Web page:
Whilst down there I had a chat with Chunky & Simon King, Owen Mitchell and Adam Bowley. Adam mentioned that the Purple Emperors had been showing at Botany Bay in Childdingfold Forest, Surrey. I've never twitched any butterflies before, but Purple Emperors are the 2nd biggest British Butterfly and pictures of them do look quite awesome. We discussed what weather is best to see them and Adam felt today was just a bit too windy and cloudy.
I stayed at Selsey for a couple of hours and I eventually left at 12:30pm. On the way back it was nice to see 3 Green Sands, 1 Common Sand and 1 sum pl. Spotted Redshank at Siddlesham Ferry Pool and a family party of Peregrines at Chichester Cathedral. Glad to see the R.S.P.B. educating passerby's with their considerable knowledge of this nesting Falcons.
Purple Emperor @ Botany Bay, Surrey Sunday 6th July 2014
White Admiral @ Botany Bay, Surrey Sunday 6th July 2014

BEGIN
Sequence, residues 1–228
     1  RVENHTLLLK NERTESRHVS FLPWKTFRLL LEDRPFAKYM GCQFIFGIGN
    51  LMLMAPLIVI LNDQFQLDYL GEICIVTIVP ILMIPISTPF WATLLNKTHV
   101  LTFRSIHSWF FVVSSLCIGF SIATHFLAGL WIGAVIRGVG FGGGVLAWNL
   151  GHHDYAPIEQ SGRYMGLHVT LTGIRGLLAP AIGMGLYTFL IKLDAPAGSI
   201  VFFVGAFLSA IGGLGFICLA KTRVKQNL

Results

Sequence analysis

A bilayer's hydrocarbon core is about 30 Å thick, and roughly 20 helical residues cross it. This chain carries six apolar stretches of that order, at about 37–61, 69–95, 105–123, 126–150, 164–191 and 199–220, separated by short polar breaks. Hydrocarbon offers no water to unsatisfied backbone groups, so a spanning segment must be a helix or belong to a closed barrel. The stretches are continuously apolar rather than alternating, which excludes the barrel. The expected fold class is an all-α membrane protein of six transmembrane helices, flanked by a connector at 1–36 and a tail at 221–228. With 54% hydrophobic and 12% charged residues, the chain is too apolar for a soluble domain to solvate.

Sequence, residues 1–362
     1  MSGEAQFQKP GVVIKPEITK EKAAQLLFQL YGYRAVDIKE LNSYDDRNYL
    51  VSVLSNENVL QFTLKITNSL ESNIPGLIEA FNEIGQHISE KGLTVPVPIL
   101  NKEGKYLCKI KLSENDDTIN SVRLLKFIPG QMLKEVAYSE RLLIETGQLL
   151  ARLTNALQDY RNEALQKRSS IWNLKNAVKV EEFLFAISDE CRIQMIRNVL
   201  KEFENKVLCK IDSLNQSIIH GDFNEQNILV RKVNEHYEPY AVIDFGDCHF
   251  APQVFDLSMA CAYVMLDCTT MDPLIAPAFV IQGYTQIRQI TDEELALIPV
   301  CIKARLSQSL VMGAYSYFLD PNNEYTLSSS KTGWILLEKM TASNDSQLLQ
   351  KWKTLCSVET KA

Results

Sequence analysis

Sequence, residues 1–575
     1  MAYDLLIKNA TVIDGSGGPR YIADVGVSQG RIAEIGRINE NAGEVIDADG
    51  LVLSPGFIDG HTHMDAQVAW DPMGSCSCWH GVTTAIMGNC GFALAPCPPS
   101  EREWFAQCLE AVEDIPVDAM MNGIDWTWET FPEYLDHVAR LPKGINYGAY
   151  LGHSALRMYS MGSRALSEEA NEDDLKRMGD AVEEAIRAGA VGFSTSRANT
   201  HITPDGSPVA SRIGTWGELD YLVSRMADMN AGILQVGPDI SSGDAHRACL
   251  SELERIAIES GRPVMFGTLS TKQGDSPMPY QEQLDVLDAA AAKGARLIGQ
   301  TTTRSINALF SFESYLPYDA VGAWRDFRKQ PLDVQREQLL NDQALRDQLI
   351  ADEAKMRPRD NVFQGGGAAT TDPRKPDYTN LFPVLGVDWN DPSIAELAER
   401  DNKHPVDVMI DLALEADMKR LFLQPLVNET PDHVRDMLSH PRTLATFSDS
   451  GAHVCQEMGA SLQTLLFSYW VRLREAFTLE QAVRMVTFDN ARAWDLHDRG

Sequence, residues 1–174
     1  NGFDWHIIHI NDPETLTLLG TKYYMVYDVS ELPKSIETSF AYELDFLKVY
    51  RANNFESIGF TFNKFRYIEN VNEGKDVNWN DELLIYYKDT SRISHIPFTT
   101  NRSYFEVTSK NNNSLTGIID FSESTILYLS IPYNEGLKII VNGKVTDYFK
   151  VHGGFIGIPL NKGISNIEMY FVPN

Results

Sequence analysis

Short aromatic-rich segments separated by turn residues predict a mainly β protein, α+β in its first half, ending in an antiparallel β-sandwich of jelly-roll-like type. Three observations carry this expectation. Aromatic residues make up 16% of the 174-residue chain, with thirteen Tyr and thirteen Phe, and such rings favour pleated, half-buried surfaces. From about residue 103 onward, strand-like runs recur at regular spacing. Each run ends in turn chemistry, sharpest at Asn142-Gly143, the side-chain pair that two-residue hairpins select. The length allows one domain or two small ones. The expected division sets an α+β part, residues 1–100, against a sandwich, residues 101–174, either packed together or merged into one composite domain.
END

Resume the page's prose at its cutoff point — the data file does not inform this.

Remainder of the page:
So on Sunday at midday the sun came out and I thought I would have a go at the emperors. The site is quite easy to find, if you leave Petworthon the A283 towards Guildford, you will eventually come to the village of Chiddingford. If you take the first major right in the village, go over a bridge and then take the next left towards Dunsfold. The wood is signposted less than a mile up on the Right hand side. The car park is small and will only allow parking for 4 cars. The Purple Emperors are best seen from an area called the "Triangle". This can be reached by walking along the path for 1/2 mile, and as soon as you come to a fork you've reached the "Triangle". The Purple Emperors generally show when its Sunny and little wind at the very top of the Oak trees at the fork.